Sharechat Logo

Telcos still dominate consumer complaints, though online trading attracts more grizzles

Wednesday 13th September 2017

Text too small?

The Commerce Commission's annual consumer issues report shows telecommunications firms Vodafone New Zealand and Spark New Zealand still attract the most ire from their customers, although the rise of online shopping has seen a growing number of complaints in that space. 

The regulator plans to put greater emphasis on retail telco providers in the current year, as the most complained of sector attracted 603 complaints in the 2016/17 year out of 7,270 total complaints. Of that, Vodafone was the most complained about with 186 complaints, followed closely by rival Spark at 180, about twice Two Degrees Mobile's 88. The commission said about a quarter of those complaints were over incorrect billing and a fifth related to various fees charged, such as late payments, credit card use, or paper invoices. 

"Telecommunications continue to be the most complained about industry with the number of complaints increasing by nearly a third on last year," commissioner Anna Rawlings said in a statement. "This trend reinforces our decision to make retail telecommunications a priority focus area for the coming year across both our consumer and regulation work." 

The consumer affairs and competition watchdog's annual consumer issues report identifies current and emerging risks it sees as having the potential to affect consumers and markets.

The report identified the continued growth in online spending attracting a similar increase in complaints, where consumers struggle to work out whether a vendor mispresented the price or goods or services sold compared to the experience in a physical outlet. 

"It is evident from some complaints that consumers have subsequently had doubts whether they purchased from a legitimate trader, particularly if the trader is based abroad and the consumer has been unable to make contact with the trader to resolve concerns about product delivery or quality," the report said.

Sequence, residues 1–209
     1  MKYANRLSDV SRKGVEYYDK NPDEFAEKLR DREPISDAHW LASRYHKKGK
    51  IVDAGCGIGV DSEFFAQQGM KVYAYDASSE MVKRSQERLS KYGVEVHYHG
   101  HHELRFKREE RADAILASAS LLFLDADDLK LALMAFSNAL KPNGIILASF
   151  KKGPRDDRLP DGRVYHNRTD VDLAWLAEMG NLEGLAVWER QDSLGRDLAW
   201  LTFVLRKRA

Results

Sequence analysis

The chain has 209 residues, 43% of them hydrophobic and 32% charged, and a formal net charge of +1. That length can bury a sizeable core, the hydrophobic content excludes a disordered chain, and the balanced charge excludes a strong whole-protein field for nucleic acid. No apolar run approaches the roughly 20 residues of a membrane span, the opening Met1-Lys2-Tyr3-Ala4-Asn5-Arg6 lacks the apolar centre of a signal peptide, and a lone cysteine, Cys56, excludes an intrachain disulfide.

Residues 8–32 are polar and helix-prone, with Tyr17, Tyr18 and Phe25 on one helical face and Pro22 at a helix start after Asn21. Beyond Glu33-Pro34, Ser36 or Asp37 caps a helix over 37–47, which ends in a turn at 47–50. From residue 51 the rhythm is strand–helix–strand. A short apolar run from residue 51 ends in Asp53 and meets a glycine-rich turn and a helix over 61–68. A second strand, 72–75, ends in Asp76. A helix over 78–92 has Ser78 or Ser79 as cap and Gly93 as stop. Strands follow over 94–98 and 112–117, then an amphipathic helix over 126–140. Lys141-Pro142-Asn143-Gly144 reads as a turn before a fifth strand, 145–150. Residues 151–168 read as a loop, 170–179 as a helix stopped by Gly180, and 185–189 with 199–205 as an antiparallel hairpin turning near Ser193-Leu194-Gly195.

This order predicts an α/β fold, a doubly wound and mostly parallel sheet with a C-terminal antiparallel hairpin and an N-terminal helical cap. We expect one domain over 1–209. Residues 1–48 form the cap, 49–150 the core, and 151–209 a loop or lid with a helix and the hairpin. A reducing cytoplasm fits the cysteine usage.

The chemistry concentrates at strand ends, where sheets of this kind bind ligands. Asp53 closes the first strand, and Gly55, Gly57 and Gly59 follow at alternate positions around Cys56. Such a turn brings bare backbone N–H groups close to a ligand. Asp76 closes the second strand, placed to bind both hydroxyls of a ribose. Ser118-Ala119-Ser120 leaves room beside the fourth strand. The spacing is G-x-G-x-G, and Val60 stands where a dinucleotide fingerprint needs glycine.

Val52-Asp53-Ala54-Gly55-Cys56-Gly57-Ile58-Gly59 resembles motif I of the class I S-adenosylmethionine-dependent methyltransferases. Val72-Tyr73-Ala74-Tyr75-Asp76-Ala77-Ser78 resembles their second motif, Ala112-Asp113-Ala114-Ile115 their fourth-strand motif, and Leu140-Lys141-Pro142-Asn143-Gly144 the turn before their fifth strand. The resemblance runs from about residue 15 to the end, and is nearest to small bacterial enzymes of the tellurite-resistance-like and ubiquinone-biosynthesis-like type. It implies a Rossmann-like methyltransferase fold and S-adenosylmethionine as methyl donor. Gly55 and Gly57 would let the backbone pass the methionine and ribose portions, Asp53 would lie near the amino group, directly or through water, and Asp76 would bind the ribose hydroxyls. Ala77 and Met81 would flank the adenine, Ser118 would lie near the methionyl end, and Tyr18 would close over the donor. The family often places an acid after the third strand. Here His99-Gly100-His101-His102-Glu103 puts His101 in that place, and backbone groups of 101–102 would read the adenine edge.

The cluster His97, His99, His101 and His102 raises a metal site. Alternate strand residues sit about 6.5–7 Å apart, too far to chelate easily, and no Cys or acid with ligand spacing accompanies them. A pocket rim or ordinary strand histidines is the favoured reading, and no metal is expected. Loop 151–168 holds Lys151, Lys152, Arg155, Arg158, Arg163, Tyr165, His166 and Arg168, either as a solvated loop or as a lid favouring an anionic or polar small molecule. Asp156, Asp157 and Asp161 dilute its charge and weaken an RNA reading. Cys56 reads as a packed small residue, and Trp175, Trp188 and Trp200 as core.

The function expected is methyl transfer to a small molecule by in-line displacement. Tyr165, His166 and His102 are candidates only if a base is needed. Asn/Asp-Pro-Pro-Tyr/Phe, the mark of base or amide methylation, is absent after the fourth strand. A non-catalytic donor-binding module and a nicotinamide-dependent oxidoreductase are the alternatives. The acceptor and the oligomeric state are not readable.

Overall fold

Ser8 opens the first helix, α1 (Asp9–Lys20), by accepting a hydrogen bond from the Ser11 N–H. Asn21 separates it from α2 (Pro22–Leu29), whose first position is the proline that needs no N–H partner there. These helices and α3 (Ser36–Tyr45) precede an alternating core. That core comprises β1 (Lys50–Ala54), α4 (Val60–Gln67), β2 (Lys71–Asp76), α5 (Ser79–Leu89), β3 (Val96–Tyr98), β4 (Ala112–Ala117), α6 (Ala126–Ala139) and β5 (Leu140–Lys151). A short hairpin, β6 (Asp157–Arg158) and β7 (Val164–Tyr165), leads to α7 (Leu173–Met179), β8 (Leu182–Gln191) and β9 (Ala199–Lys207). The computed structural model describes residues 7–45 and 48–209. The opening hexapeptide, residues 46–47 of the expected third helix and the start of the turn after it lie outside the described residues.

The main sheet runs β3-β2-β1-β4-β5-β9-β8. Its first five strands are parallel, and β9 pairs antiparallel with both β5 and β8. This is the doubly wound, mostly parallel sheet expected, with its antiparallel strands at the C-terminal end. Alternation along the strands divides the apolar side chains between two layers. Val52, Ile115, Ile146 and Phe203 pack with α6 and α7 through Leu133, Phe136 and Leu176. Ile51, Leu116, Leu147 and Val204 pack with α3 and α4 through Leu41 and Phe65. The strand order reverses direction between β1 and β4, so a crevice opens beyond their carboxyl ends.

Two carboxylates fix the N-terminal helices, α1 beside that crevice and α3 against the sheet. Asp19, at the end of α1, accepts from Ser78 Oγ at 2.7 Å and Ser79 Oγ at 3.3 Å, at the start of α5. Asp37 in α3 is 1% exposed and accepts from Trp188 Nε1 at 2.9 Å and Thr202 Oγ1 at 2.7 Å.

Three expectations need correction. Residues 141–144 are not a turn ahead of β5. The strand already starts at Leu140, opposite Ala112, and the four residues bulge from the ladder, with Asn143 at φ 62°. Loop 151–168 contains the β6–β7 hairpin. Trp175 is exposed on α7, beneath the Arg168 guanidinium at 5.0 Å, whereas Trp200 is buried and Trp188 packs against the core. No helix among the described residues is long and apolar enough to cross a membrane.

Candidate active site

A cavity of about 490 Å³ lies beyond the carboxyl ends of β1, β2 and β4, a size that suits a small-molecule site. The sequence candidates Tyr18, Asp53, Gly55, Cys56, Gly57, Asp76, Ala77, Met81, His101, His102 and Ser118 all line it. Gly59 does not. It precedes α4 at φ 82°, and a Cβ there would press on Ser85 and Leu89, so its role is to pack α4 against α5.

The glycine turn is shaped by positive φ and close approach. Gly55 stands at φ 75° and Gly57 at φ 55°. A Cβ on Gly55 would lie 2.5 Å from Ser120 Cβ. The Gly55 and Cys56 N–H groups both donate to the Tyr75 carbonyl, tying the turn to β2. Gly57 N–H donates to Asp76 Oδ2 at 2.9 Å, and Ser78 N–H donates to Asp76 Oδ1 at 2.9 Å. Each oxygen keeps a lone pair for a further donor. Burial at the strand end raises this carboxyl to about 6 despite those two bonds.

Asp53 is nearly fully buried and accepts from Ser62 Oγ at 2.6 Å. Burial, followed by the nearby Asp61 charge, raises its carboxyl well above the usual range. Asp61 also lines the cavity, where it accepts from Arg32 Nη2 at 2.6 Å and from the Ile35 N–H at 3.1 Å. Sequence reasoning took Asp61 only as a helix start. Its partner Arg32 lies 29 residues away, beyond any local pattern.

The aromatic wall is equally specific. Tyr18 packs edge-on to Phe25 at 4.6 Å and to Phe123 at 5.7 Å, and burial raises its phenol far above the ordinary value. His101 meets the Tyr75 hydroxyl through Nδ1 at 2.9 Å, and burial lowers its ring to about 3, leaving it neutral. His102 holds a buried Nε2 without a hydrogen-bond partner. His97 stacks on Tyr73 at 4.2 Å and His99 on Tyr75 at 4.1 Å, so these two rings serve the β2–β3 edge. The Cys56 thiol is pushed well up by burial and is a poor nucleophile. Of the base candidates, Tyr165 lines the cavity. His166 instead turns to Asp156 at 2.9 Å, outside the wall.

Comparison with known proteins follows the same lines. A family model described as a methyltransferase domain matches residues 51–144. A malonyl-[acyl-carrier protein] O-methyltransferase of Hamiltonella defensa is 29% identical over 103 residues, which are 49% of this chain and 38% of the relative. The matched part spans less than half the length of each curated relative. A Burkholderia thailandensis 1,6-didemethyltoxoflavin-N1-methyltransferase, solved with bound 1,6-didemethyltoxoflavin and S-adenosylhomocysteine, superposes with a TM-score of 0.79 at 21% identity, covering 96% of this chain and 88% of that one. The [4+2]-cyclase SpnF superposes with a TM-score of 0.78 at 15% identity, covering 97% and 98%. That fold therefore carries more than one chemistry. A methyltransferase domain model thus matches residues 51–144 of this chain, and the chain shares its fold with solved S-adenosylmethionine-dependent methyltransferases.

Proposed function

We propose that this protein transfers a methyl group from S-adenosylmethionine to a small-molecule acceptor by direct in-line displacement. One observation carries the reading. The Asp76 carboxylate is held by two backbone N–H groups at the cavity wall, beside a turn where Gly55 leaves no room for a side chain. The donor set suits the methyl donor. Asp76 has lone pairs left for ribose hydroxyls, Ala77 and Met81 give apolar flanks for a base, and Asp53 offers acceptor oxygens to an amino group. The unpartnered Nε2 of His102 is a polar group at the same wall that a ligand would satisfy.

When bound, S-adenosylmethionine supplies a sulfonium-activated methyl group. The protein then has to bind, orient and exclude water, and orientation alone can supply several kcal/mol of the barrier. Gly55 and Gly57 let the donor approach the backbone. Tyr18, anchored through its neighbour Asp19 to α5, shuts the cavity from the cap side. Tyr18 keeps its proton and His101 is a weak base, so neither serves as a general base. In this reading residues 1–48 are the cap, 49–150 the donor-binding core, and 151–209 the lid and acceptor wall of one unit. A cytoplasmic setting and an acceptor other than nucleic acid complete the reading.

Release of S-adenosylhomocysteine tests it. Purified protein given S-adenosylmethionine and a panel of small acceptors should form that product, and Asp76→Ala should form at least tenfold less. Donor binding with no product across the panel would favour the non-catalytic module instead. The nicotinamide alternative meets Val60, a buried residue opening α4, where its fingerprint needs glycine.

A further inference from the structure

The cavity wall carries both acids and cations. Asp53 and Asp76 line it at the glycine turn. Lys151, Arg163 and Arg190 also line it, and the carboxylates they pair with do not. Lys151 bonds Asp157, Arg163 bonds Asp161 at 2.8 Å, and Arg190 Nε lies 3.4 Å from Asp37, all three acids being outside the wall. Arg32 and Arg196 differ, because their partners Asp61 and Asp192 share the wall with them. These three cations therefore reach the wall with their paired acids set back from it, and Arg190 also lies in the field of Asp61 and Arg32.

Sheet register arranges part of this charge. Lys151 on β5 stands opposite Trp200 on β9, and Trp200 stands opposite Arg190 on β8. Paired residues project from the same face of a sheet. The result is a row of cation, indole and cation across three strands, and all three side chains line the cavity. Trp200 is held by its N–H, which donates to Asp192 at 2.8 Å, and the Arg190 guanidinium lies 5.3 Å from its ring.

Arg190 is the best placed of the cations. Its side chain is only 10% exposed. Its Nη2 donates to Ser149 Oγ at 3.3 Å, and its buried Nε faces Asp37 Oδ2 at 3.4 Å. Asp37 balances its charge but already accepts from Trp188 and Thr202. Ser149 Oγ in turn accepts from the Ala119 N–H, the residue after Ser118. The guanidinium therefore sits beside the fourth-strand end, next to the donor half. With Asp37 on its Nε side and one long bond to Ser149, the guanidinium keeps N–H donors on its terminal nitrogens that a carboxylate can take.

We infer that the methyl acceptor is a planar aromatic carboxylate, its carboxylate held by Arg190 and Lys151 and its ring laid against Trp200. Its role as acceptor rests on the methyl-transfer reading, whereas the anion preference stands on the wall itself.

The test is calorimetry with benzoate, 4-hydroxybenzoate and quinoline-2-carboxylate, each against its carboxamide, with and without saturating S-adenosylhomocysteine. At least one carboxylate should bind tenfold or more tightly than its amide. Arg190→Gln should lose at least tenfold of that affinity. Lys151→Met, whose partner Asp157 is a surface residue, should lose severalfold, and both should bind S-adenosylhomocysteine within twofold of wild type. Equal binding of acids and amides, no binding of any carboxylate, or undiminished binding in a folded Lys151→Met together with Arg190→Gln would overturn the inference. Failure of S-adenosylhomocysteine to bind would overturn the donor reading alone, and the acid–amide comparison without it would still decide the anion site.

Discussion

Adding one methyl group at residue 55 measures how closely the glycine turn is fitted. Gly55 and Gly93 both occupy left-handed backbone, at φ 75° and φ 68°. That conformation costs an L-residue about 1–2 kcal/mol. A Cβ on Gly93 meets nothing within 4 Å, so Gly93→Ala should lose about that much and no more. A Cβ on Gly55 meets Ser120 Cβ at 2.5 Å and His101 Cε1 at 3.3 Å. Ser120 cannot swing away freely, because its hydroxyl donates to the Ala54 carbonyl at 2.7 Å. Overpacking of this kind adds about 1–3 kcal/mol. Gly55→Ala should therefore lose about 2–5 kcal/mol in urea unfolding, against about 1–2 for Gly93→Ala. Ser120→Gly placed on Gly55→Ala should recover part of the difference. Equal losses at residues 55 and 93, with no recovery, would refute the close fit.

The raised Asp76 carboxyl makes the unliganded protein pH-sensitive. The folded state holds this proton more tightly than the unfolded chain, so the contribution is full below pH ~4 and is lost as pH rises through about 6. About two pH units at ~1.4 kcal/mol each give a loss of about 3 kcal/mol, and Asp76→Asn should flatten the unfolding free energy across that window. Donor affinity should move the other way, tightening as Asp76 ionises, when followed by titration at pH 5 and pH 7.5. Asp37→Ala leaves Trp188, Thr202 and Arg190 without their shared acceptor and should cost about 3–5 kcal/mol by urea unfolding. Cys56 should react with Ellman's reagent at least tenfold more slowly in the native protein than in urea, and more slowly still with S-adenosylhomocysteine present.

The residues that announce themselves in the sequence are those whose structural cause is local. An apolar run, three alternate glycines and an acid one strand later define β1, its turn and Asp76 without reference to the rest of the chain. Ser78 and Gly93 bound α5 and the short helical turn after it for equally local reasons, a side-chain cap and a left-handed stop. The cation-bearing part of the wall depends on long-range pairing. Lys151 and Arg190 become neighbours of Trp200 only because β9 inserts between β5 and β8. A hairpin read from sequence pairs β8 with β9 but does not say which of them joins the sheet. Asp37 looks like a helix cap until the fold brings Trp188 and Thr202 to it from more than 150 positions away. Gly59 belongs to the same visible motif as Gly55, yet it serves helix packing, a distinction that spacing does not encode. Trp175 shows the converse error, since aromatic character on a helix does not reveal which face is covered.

Rawlings said "consumers need to research the traders they intend to buy from and pay attention to additional costs such as booking fees, the currency they are paying in, and whether the fine print discloses they have been signed up to a monthly subscription." 

Appliance store retailers were the second most complained about industry with 403 complaints. Common themes to trigger complaints were misleading pricing practices, especially during advertised sales, and misrepresentations over the Consumer Guarantees Act when returning a faulty product. Warehouse Group-owned Noel Leeming topped the complaint board with 82, followed by rival Harvey Norman at 45. 

(BusinessDesk)

  General Finance Advertising    

Comments from our readers

No comments yet

Add your comment:
Your name:
Your email:
Not displayed to the public
Comment:
Comments to Sharechat go through an approval process. Comments which are defamatory, abusive or in some way deemed inappropriate will not be approved. It is allowable to use some form of non-de-plume for your name, however we recommend real email addresses are used. Comments from free email addresses such as Gmail, Yahoo, Hotmail, etc may not be approved.

Related News:

MARKET CLOSE: NZ shares mixed; Ryman and Stride gain on results, Port of Tauranga, A2 Milk drop
NZ dollar heads for 1.4% weekly gain on Fed's cautious inflation view
Commerce Commission to appeal High Court decision on price-fixing case
Commerce Commission to appeal High Court decision on price-fixing case
Northport issues 'vision for growth' which would see wharf double in size to accept increased business
Social enterprise Conscious Consumer attracts $2M to fund UK launch
OG Oil & Gas extends offer to allow time for regulatory approval
NZ trade deficit widens in October as demand for imported machinery outstrips primary export growth
NZ structural log prices rise to 24-year high, A-grade export logs hit record
Only the fittest, most savvy retailers will survive - and Warehouse positing to be one of them

IRG See IRG research reports